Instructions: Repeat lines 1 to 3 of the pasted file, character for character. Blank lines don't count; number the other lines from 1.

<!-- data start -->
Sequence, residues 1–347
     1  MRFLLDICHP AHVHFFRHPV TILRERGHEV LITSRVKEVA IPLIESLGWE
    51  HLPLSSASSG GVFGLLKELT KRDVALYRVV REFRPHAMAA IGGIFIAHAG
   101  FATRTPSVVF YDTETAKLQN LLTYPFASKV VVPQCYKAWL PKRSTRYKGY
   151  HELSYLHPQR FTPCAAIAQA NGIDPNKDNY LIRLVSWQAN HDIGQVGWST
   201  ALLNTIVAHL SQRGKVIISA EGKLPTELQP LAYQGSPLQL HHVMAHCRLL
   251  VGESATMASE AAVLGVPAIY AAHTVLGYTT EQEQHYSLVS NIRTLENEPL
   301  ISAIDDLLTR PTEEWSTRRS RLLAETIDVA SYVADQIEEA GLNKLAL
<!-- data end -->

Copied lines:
Sequence, residues 1–347
     1  MRFLLDICHP AHVHFFRHPV TILRERGHEV LITSRVKEVA IPLIESLGWE
    51  HLPLSSASSG GVFGLLKELT KRDVALYRVV REFRPHAMAA IGGIFIAHAG